The Queensland Police Service (QPS) has rolled out a new storage system to house electronic evidence including child exploitation images and videos.
The Statewide Access to Seized Digital Evidence (SASDE) project uses an EMC offering called Isilon which was implemented on 9 August this year.
Speaking at a media briefing in Sydney, QPS child safety and sexual crime group Acting Inspector Craig Weatherly said that the system, which can store up to one petabyte of material, will help it better respond to investigations involving digital evidence.
“The goal of the SASDE project is to identify victims, solve crimes, minimise the likelihood of failed prosecutions and reduce the time taken to have evidence available to our investigators,” he said.
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With the exponential growth of child exploitation material across the world, Weatherly said it was seizing more digital evidence across the state.
“In the child exploitation space, we treat every photograph as a crime scene.”
He added that Isilon can be scaled up to store more material as the QPS collects digital evidence. It is required by law to store archives for up to 75 years.
Prior to using the new system, evidence was stored in servers at QPS headquarters but time taken to get the evidence back out became an issue.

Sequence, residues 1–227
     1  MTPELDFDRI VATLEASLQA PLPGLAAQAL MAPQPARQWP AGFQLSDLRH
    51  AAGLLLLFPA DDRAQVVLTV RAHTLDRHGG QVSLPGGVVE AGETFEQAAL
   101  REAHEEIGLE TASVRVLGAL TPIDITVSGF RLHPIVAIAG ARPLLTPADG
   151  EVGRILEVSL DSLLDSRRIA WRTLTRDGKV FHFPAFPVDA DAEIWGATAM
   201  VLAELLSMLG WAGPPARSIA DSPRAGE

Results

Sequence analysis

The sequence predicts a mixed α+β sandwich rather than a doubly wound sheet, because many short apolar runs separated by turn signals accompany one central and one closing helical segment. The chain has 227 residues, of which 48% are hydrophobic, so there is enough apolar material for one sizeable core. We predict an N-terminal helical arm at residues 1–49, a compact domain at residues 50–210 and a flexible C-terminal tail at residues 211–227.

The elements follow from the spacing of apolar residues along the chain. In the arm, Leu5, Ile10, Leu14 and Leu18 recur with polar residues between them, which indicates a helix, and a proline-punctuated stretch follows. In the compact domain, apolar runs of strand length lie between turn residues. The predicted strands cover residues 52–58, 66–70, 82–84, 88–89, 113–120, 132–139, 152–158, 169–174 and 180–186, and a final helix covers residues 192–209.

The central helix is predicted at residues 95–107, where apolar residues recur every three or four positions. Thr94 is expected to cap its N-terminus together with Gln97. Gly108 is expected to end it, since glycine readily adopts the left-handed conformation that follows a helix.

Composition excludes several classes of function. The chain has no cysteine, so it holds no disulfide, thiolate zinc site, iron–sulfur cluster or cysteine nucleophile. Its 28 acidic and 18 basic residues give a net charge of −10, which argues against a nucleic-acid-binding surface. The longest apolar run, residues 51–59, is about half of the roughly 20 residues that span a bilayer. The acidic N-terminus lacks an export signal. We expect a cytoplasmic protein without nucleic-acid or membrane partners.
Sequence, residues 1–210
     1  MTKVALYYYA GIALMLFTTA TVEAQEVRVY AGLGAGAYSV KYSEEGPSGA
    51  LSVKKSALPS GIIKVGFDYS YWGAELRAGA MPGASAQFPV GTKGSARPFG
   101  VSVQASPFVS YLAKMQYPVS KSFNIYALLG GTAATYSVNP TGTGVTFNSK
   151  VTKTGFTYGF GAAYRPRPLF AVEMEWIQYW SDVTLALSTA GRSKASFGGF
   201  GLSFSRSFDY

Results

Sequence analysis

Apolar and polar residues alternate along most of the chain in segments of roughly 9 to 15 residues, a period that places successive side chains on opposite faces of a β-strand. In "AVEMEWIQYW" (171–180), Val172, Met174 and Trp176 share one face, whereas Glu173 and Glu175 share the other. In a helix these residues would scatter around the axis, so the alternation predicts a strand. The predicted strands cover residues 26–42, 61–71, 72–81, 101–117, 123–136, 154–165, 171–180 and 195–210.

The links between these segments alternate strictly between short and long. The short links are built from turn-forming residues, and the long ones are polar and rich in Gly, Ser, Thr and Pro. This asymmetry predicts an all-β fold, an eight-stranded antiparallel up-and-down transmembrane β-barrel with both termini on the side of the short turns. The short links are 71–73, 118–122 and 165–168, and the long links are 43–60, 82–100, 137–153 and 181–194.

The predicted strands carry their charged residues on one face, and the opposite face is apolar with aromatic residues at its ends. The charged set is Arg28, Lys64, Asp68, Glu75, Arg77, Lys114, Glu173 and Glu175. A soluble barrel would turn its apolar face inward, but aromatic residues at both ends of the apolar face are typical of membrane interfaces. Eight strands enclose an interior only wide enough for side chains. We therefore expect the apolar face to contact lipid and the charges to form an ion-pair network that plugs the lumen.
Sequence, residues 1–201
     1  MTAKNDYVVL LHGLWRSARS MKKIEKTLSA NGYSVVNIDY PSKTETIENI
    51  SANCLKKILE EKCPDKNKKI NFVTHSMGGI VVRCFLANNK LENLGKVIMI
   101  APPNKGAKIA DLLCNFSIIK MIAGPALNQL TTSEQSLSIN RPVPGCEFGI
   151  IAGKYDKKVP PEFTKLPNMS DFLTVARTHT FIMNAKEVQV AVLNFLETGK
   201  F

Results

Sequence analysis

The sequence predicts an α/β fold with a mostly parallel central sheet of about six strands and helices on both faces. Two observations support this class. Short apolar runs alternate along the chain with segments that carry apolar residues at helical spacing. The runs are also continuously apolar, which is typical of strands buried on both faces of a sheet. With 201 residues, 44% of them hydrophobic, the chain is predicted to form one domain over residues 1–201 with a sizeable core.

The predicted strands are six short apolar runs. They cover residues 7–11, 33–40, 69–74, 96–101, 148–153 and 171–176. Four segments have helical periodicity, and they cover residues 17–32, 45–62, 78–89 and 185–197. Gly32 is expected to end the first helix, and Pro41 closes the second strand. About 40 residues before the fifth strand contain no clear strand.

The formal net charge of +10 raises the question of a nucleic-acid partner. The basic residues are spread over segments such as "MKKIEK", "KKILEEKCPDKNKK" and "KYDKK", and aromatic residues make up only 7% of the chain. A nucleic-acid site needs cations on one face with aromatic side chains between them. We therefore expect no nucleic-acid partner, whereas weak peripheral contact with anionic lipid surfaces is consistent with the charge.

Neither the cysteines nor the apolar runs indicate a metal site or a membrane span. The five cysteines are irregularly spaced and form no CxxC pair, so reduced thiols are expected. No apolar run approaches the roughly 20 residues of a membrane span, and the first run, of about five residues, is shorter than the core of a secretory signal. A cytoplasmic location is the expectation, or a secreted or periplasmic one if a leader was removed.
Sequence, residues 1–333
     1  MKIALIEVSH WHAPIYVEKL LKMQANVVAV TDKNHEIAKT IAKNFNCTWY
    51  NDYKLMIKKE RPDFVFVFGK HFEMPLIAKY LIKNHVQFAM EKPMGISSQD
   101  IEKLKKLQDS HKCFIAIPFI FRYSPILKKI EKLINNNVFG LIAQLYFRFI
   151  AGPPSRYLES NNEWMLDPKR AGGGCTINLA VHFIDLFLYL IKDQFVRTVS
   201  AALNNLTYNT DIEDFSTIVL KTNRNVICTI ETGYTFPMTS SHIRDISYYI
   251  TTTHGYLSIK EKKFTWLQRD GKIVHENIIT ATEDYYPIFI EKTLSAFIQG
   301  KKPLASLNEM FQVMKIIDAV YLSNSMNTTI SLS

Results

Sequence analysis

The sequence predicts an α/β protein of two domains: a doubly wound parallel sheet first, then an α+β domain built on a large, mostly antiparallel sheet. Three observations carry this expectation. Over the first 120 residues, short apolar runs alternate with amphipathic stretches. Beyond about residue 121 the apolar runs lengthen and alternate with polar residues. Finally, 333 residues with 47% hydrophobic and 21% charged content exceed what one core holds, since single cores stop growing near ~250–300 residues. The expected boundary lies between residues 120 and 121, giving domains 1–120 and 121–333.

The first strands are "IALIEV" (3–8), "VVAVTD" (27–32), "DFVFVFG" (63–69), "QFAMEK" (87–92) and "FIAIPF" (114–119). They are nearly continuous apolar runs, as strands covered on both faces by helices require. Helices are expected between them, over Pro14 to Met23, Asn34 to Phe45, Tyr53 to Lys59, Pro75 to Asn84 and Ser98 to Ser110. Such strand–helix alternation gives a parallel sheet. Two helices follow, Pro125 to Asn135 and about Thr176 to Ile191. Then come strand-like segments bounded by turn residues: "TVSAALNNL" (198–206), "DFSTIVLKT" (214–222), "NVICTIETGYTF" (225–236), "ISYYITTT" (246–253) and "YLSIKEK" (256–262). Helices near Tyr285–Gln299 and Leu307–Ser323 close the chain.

“We had to send digital packages and USB sticks across the state so the timeliness was not there,” he said. “This product will help us piggyback on to the Queensland Police network so investigators can view images straight away.
“In collecting the images, the more timely and effective way we can respond gives us every opportunity to identify victims and perpetrators.”
The automated system uses photo DNA technology to analyse images and can even restore photos which have been cropped or otherwise changed.
According to Weatherly there are approximately 5 million child exploitation images on the Internet.
He added that QSP works collaboratively with Internet service providers, Facebook and Google to identity underground child exploitation sites.
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